The online auction company eBay has opened its first regional Web site, "eBay LA" <www.ebay.com/la>. Specializing in Hollywood movie memorabilia, the site enables buyers and sellers of "Wild Wild West" movie posters and "Austin Powers" Dr. Evil C-watches to connect with each other. Anyone can bid in eBay LA auctions, which also traffic in Beanie Babies, collectibles and all the other stuff the main eBay site has. But eBay LA also has auctions of more local interest, like Ricky Martin tickets at the Los Angeles Staples Center, items a buyer might want to see before bidding on, like Richard Boone's 1961 Rolls-Royce, and those too big to ship, like pieces of the interior set used for the on-board scenes of James Cameron's "Titanic."
Auction fans will be able to learn the ins and outs of eBay's online trading bizarre offline with the August debut of "eBay Magazine" <www.krause.com> and two books, "The Official eBay Guide to Buying, Selling," and Collecting Just About Anything" and eBay for Dummies." "eBay Magazine" is geared toward collectors and is to feature trends in collecting, pop culture and the Internet, with news about collectibles, e-commerce, person-to-person trading, online entertainment and new technologies that affect online trading. The magazine will have tips on how to buy, sell, invest and collect online, and report on the collecting habits of celebrities.
The "Official eBay Guide" is the authorized eBay how-to book for beginner and veteran online traders. It includes an introduction by eBay founder and chairman Pierre Omidyar, who traces the company's humble beginnings from a suggestion by his wife that they create a Web site for her to indulge her passion for collecting PEZ dispensers, to the world's largest trading community with nearly 3.8 million registered users and 2.2 million items for sale in 1,600 categories. The book will be available in November for a suggested retail price of $13. "eBay For Dummies" has tips and tricks on selling techniques and placing winning bids. Authored by NBC News producer and eBay addict Roland Woerner, it will be out in August for a suggested retail price of $20.
One other tidbit for auction addicts: The next version of Microsoft's Internet Explorer Web browser will have a feature that automatically notifies online bidders when they've been outbid so they can up their offer.
You don't have to be Bill Gates or live in Beverly Hills to have the home of the future. With ActiveHome you can program what happens inside and outside your abode when you come home, go to bed, get up or want to set a romantic mood. Made by X10 <www.x10.com>, which also makes universal remote control devices for RCA, Radio Shack and other electronics companies, ActiveHome uses existing home wiring to send signals to appliance-controlling gizmos that can operate lights, TVs, burglar alarms, garage doors, air conditioners, pretty much anything with a switch.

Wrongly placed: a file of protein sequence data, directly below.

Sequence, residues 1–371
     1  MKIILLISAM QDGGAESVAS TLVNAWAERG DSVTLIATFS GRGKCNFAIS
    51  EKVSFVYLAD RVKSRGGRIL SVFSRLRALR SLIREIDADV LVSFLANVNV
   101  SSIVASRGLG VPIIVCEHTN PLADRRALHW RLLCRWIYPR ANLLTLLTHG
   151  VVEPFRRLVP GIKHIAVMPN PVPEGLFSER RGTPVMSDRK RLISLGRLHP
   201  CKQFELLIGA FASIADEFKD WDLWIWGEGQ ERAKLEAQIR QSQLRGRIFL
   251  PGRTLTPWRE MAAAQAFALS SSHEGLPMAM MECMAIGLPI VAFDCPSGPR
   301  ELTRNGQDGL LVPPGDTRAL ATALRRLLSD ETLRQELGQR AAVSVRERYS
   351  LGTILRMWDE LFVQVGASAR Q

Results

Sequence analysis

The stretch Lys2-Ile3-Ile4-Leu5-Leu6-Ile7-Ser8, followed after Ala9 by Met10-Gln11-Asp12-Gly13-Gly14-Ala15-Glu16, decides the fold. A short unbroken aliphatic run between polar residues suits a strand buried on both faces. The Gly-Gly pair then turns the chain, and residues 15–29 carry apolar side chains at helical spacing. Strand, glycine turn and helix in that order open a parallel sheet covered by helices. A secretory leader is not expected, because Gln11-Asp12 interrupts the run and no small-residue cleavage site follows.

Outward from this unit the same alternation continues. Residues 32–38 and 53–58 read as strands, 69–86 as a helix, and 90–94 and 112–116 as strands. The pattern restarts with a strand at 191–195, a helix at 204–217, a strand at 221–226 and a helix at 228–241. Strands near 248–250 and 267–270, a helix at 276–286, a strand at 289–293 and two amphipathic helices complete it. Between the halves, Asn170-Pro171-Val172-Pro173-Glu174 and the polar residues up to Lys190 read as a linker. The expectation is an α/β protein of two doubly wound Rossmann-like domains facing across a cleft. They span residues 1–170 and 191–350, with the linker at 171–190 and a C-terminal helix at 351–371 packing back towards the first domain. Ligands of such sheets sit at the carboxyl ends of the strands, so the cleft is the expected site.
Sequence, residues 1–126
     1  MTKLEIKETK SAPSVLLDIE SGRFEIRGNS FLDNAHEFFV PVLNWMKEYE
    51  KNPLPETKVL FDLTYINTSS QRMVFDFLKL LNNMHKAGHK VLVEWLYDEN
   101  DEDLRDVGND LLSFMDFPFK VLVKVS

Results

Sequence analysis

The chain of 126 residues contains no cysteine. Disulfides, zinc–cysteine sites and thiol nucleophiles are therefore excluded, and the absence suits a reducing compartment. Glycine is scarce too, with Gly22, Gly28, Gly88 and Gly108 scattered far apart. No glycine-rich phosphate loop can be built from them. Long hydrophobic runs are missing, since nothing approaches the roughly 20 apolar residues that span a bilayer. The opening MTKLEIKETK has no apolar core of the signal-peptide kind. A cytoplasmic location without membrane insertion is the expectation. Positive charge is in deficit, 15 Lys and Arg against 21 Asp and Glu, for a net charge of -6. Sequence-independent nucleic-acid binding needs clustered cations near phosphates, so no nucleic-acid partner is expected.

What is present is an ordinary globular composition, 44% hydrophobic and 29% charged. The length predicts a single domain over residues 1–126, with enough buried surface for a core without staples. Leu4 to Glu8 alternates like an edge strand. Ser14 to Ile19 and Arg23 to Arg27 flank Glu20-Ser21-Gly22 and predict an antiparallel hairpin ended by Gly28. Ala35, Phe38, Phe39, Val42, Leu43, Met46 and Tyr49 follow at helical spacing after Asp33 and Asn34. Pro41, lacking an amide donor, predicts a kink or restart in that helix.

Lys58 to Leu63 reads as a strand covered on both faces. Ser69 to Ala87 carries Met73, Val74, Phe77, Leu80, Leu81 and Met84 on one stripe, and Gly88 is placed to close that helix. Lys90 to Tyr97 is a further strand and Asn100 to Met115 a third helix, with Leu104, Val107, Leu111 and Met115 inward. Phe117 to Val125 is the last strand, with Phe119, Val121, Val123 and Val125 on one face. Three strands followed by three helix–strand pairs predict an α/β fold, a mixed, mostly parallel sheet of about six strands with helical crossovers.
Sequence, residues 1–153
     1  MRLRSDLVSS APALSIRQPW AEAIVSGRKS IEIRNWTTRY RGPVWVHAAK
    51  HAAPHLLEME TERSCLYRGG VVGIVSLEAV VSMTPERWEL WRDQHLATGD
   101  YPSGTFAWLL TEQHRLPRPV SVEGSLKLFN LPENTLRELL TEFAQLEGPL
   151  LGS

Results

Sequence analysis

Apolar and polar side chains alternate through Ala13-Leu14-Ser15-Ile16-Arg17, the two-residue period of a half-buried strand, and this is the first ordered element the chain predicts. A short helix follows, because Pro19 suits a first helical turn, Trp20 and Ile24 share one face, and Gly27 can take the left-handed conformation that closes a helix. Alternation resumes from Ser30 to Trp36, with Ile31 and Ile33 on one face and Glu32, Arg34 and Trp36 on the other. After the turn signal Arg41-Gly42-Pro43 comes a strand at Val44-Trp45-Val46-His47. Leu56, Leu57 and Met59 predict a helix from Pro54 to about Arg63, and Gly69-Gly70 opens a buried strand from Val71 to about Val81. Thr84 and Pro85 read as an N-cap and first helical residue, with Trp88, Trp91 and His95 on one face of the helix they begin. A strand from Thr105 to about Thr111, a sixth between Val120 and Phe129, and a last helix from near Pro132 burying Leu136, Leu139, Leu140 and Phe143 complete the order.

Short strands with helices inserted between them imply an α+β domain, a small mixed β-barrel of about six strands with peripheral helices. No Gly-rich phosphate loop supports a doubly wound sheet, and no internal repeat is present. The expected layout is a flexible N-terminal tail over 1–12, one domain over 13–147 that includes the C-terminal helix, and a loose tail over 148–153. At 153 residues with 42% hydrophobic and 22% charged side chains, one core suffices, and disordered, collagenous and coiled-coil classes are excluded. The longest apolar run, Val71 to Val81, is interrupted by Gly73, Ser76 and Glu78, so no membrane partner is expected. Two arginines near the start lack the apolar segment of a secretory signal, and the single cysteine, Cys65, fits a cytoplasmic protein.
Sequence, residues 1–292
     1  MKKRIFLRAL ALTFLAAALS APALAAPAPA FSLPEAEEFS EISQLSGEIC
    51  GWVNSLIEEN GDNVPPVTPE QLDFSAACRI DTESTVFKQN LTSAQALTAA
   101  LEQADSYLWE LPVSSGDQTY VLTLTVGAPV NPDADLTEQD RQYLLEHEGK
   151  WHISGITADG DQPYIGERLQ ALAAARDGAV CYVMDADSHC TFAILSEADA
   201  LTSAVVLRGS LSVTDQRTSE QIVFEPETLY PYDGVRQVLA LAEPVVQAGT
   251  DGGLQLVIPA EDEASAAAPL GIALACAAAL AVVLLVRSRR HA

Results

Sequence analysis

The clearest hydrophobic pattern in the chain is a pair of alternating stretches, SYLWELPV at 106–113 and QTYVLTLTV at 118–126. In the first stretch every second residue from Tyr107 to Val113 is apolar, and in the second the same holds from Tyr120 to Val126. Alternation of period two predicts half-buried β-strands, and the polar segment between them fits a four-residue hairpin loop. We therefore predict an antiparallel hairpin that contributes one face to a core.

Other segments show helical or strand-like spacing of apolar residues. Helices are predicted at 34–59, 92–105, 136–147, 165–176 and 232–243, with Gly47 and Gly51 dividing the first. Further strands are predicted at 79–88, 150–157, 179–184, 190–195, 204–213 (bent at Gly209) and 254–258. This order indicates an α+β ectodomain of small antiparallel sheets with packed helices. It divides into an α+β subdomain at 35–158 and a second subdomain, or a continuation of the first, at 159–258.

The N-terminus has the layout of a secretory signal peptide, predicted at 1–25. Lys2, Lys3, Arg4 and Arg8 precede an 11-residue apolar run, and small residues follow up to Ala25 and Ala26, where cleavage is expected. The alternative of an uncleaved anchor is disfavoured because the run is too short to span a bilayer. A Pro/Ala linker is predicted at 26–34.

By interconnecting appliances, X10 products create "a 21st Century home environment today," said spokesperson Jeff Denenholz. From something as simple as turning on your coffee maker when your radio alarm clock comes on in the morning, to dimming the lights, turning on the music and igniting the gas fireplace with the push of a button, ActiveHome can make your home safer, more energy efficient and fun.
It may sound complicated, but X10's gadgets are simple and inexpensive. You plug the controllers into the wall and plug the lamps and appliances into the controllers. The controllers can be activated either manually with a remote control device or automatically by your computer. The X10 software works in the background and your computer doesn't even have to be on. The software can also record when you turn your lights on and off and then play it back to make it appear you are home when you're not.
The controllers sell for about $13 a module at Radio Shack, or you can buy kits that include several controllers, a control console and software. At its Web site, X10 sells a 12-component ActiveHome Deluxe Kit for $100. For about the same price, IBM sells a similar kit called Home Director Universal Starting Kit <www.pc.ibm.com/homedirector>. For considerably more money, $600, Honeywell <www.honeywell.com> sells a more elaborate system focusing on home security, with such features as lighting escape routes when your smoke alarm goes off.
X10's latest creation is the XCam, a super-small, color video camera that can be placed in a nursery, family room or, well, pretty much anywhere. Coupled with a sender and receiver, the inconspicuous minicam transmits live video images up to 100 feet without wires, directly to your TV or computer screen. The XCam Kit, which sells for $150, can also be used to record birthday parties and other events for future viewing, or spy on the nanny if you'd prefer.
X10 also makes a gadget called DVD Anywhere that transmits DVD
from your DVD player or computer to any TV in your house. Included with
the $88 DVD Anywhere Kit is a universal remote that lets you control
DVD, VCR, TV, lights and appliances with the same remote. DVD Anywhere
also lets you watch broadcast or cable TV hooked up to a different TV,
although your cable company may not like that.
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